source override logic to replace a source register assigned to the second micro-operation with a result generated by first micro-operation when the source/destination logic detects a match.
26. The processor of claim 23, further comprising:
an instruction decoder to decode a received macro-instruction into a first micro-operation and a second micro-operation and assert a signal to disable source register override logic of the register logic if the first micro-operation updates a destination register macro-instruction that matches a source register of the macro-instruction second micro-operation.
27. The process of claim 26, further comprising:
an instruction decoder queue to receive the first and second micro-operations from the instruction decoder and delay forwarding of the first and second micro-operations to the register logic until the first and second micro-operation may be forwarded in a same clock cycle.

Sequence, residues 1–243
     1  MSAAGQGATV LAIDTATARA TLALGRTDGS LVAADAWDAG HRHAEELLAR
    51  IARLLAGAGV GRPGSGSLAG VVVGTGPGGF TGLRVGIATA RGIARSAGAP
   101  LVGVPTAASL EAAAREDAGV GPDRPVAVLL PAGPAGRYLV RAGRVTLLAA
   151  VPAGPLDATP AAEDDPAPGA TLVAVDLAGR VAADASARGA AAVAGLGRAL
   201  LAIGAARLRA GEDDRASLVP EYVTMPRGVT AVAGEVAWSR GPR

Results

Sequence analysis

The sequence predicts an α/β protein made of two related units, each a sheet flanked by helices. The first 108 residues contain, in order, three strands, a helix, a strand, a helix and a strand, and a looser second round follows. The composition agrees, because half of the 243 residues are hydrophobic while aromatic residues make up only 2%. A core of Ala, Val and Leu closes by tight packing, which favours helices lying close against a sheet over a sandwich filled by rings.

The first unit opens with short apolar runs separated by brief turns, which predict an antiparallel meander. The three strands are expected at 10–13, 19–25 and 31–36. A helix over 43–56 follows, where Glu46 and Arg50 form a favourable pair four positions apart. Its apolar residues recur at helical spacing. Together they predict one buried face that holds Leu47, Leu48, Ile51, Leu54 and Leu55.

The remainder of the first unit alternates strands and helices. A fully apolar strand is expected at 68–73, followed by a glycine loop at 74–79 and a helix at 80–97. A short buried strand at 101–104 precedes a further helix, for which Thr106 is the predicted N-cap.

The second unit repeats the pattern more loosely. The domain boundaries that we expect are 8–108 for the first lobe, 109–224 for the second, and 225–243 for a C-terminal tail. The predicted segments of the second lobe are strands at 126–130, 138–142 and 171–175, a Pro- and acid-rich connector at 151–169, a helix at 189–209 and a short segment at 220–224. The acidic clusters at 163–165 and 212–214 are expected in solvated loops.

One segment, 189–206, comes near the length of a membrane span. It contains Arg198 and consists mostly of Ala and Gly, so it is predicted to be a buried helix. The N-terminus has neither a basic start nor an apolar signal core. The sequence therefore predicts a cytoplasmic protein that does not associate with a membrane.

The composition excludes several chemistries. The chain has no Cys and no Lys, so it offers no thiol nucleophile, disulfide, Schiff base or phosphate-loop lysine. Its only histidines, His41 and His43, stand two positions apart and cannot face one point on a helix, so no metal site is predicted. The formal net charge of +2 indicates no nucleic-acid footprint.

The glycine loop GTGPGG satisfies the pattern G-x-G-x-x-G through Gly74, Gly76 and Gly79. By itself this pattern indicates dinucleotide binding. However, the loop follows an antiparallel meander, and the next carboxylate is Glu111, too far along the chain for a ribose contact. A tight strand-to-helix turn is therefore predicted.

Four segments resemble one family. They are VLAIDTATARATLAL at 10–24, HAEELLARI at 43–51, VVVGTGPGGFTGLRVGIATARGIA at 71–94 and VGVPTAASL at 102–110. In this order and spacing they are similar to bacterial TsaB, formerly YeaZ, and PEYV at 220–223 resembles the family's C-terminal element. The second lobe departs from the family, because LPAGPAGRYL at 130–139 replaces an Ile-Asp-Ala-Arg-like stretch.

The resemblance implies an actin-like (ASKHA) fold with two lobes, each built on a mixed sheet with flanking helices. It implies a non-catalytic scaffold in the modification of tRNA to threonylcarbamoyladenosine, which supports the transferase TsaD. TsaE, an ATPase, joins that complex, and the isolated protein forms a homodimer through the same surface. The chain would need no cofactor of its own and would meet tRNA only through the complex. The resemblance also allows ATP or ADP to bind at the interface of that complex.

28. A system comprising:
a self-contained power source;
a memory controller coupled to a memory;
an I/O controller coupled to he memory controller and one or more I/O devices; and
a processor coupled to the memory controller, including:
an instruction decoder to decode a received macro-instruction into a first micro-operation and a second micro-operation and assert a signal to disable source register override logic of the register logic if the first micro-operation updates a destination register macro-instruction that matches a source register of the macro-instruction second micro-operation